For his third album, The Secret of the Sea, composer and musician Bruno Bavota found inspiration in the allure and mystery of the Mediterranean that washes up against the shores of his home town of Naples, Italy. The lyrical romanticism expressed through the piano on his previous albums, Il Pozzo D’Amour (2010) and La casa sulla Luna (2013), is amply present on the new record, but the arpeggiated picking of a reverb-soaked guitar that introduces the opening track “Me And You” lets us immediately know that Bavota intends to broaden his musical canvas. The Secret of the Sea feels warmer and more expansive than anything he has done before.

Whereas the earlier music strikes me much like lovely scenes captured in a sketch or photograph, the pieces on The Secret of the Sea feel more like a collection of poems and vignettes and thus they form deeper connections upon listening. Much credit for that goes to the added elements of acoustic and electric guitar and the rich inspiration of the general theme, but some must also be given to the literary references Bavota has chosen for some of the titles. For example, “Les Nuits Blanches” references the melancholic tale of loneliness and unrequited love by Fyodor Dostoyevsky. And the wonderful solo piano piece “Plasson” refers to the character in Alessandro Baricco’s novel “Ocean Sea” who “paints the sea with the sea”, dipping his brush into the surf to create invisible pictures on a blank canvas.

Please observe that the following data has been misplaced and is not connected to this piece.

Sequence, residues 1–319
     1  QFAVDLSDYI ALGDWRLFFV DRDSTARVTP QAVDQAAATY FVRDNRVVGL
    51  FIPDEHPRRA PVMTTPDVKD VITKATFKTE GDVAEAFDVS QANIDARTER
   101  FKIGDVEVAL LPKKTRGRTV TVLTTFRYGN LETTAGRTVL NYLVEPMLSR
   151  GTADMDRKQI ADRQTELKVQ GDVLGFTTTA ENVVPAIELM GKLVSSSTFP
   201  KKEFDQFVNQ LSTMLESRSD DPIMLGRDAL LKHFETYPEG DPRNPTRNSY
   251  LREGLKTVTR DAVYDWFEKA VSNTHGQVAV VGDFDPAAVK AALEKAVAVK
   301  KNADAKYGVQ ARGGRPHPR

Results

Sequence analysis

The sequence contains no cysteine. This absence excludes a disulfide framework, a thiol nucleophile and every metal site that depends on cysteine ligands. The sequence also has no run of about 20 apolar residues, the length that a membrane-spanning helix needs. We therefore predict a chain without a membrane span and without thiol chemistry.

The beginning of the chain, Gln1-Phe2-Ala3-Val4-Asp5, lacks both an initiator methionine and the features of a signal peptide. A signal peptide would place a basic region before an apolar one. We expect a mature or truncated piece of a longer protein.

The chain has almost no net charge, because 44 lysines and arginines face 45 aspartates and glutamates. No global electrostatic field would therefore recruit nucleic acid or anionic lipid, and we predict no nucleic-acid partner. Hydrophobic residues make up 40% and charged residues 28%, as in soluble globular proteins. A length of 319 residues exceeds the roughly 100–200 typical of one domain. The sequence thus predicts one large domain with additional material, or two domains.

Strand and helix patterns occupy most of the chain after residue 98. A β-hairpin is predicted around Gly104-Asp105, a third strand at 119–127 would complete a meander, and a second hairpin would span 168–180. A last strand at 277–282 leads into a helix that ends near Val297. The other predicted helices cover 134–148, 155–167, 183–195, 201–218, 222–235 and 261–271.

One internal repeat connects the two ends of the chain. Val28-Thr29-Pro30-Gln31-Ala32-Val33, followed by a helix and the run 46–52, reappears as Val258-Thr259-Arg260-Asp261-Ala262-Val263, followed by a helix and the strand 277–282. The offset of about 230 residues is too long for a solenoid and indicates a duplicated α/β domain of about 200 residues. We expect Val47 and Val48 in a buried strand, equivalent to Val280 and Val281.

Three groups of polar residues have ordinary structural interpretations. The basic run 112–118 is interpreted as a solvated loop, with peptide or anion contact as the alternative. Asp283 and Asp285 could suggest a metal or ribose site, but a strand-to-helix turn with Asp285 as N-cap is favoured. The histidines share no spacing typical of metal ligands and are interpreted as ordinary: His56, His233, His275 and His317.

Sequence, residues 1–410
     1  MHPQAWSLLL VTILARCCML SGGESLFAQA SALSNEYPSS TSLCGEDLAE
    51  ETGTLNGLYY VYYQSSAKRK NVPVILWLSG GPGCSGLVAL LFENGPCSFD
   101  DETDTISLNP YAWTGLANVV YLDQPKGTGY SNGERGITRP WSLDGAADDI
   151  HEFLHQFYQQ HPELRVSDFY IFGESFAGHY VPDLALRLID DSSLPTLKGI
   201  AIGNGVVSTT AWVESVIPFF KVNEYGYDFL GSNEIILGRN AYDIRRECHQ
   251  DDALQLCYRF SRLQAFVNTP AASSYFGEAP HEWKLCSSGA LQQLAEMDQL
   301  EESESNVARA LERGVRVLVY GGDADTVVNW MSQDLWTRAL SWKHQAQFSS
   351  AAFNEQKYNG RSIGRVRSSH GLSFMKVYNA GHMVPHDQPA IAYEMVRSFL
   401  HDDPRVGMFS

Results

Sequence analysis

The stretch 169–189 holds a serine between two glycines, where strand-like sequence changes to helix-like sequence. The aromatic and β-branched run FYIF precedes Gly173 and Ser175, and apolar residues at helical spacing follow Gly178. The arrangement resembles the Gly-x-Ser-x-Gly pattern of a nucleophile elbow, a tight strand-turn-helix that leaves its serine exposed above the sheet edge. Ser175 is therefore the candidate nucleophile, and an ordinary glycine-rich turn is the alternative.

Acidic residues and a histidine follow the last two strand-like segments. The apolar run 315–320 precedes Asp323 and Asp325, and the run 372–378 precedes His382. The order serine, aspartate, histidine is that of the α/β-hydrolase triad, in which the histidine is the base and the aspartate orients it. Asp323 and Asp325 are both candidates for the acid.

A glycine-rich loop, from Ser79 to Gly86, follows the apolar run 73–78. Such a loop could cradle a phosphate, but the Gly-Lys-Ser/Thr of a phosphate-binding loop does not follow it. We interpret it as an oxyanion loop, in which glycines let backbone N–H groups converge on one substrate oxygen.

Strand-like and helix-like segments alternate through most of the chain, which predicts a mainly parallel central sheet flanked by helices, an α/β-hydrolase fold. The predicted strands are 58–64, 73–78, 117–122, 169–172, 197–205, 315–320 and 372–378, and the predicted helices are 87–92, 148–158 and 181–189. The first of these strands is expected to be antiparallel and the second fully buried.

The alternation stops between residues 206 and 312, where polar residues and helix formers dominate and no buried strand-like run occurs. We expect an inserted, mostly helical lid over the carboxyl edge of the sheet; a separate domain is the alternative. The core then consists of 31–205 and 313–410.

…I have always loved the waves, their sound and even more their rocking movements, suggesting to me the idea of the deepest human gesture, the embrace. So immense and familiar at the same time, through the sea you can look into yourself discovering your own inner sea.

While it is tinged with melancholy and an overall reflective mood, there is also a very bright and ultimately uplifting feeling that comes with listening to The Secret of the Sea. This is not the music of ominous, churning ocean depths. It is the music of sunlit blue-green water, gently rocking waves, and the life affirming sound of the surf washing up against the beach. Perhaps Bavota would also agree with author Isak Dinesen who once said, “The cure for anything is salt water: sweat, tears or the sea”.  Certainly, The Secret of the Sea seems to harmonize with those sentiments as it no doubt represents a great deal of creative sweat on the part of the artist, and I would not be surprised if more than a tear or two were shed in the making of this enchanting album.

Words by Brian Housman of Stationary Travels